Parenting, much like pregnancy, is a super humbling experience. And I think the more judgmental we were pre-kids, the more likely you are to have charming and humbling experiences where you realize that the distance between how you thought things would be and how they actually are is just a gulf of experiences you hadn’t had yet. These are mine.
- Sleep. I was soooo judgmental of parents who didn’t sleep train and then whined about not getting enough sleep. I’m still pretty judgmental about some aspects of this, like your kid should have a consistent bedtime, and you should do cry it out if you have to, but sleep training did. not. work. on my kid. I mean, it did eventually, but it was a 7-8 month process. We tried really hard. Hours and hours and hours of cry it out. Much googling. Many books. It really sucked for awhile. Eventually things got better. But I saw a friend recently and her 20 month old wakes up 3 nights a week at least. My coworker’s 2.5 year old doesn’t sleep through the night. I no longer assume the parent is doing anything wrong.
- Eating. I was a really picky eater growing up and I was like, “picky eaters are made, not born, so I will feed my kid all the things and she will eat them.” Ha. My child eats like, four things, and that’s it. I cater to her a lot more than I planned to. We still offer her everything that we are eating, but we also offer her one thing she likes so that she will actually eat something. (Because it turns out that if she’s not hungry, she sleeps better, and I would rather have to cater to a picky eater than never sleep.) I also find that catering to her tastes helps me to be much more relaxed about mealtime and less likely to turn it into a power struggle. But I will definitely be that mom sneaking vegetables into her kid’s meals.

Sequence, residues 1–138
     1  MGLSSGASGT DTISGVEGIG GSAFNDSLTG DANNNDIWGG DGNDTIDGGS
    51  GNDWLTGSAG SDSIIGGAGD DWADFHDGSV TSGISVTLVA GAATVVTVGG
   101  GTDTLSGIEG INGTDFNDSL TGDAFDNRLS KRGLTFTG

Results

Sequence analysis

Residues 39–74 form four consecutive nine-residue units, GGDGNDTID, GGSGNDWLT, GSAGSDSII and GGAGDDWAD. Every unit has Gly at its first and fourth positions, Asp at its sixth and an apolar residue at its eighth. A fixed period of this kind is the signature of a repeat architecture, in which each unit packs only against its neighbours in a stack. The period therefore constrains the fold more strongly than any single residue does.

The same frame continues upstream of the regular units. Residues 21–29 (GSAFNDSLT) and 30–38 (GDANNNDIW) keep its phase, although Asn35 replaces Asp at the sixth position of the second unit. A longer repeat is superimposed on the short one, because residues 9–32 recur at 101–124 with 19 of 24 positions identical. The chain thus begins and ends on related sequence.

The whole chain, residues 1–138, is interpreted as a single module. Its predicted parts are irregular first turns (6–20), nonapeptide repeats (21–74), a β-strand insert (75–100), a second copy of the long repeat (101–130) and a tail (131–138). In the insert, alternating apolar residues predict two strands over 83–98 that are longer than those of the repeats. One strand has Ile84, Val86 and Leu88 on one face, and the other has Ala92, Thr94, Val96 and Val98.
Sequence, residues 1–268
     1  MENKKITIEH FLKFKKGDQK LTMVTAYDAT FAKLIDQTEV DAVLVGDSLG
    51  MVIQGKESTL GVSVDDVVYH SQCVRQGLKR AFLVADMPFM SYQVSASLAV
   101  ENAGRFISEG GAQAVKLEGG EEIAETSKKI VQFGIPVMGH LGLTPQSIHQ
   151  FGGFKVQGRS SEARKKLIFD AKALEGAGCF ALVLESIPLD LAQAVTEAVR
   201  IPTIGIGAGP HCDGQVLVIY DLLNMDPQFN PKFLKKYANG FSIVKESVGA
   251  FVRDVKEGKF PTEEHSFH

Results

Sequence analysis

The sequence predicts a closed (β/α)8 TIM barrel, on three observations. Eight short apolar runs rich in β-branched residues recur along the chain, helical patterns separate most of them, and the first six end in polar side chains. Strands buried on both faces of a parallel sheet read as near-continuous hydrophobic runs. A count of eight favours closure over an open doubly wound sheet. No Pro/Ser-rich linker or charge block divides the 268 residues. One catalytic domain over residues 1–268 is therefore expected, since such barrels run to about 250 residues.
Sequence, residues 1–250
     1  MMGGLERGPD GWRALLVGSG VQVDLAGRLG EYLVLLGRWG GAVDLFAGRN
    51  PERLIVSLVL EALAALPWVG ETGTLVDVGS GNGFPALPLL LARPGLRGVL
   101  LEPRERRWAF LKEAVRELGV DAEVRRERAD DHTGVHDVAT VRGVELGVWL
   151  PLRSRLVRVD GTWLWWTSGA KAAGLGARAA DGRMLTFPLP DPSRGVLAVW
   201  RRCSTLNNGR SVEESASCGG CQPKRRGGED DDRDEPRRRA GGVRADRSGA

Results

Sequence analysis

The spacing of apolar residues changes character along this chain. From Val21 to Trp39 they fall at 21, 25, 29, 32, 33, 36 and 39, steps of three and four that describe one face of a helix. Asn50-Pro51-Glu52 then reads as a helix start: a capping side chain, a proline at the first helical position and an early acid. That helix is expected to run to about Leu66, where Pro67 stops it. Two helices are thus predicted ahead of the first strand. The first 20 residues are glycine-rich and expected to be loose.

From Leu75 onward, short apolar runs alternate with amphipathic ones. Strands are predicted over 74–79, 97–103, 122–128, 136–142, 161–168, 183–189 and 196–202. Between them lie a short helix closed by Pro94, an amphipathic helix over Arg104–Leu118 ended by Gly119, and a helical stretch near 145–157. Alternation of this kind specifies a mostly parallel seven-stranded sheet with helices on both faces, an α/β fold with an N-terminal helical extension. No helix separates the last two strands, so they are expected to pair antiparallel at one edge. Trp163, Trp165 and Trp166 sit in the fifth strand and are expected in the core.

- Licensed Characters. My child right now hates all shoes but her ridiculous gold Mary Janes with a pink flower on them, and it’s summer, and I want to go to the splash park. And Stride Rite girl’s shoes shrink when they get wet! So she owns a pair of crocs and a pair of navy blue sandals, which she will wear, but only with socks, so I think they rub her feet. So I’m searching for possible other sandals that do not cost a million dollars and my child likes fish, and I saw Finding Dory shoes and was like, hmmmm I wonder if she would wear these since they have fish on them! And getting dressed is such a battle right now unless I offer her one of her two Octopus shirts and then she gets very excited and wears that. So I can see why parents, worn and exhausted by the work of parenting a toddler, lean into their kid’s obsession and buy them batman shirts or whatever because it is so much easier than fighting with them every day. A lot of licensed stuff is still poorly made and overpriced so right now I’m holding out, but I get it now.
- Girly Clothes. I planned to dress my kid exclusively in gender neutral stuff and try to avoid the gendered clothing and boxing her into everything being pink and ruffly. Except I shop a lot from the girl’s section of the store. And I grumble about there being too much pink and I don’t buy her a lot of pink, but she wears much girlier clothes than I ever planned on. And she still ends up with a lot of pink, because other people buy it for her or that is the only color that something comes in. (Her bike helmet is pink because literally all they had at the store was pink and we needed one ASAP.) This season I bought her a ton of clothes from the thrift store that were mostly t-shirts that were very gender neutral, and the reality that I’m realizing this season (our first summer with a walking kid) is that “boy’s” clothing is more practical. I buy her mostly “boys” swim gear because it covers more than girl’s bathing suits, and boy’s shorts are longer and better for sliding. I don’t want her to be unable to go down the slide because she’s wearing a skirt. But the rest of her clothes are flowers and ruffles and glitter. For some reason it feels very unfeminist of me to dress her in a way that conforms to gender norms. But I also don’t really want to use my kid to make a point to society about clothing and colors and assumptions.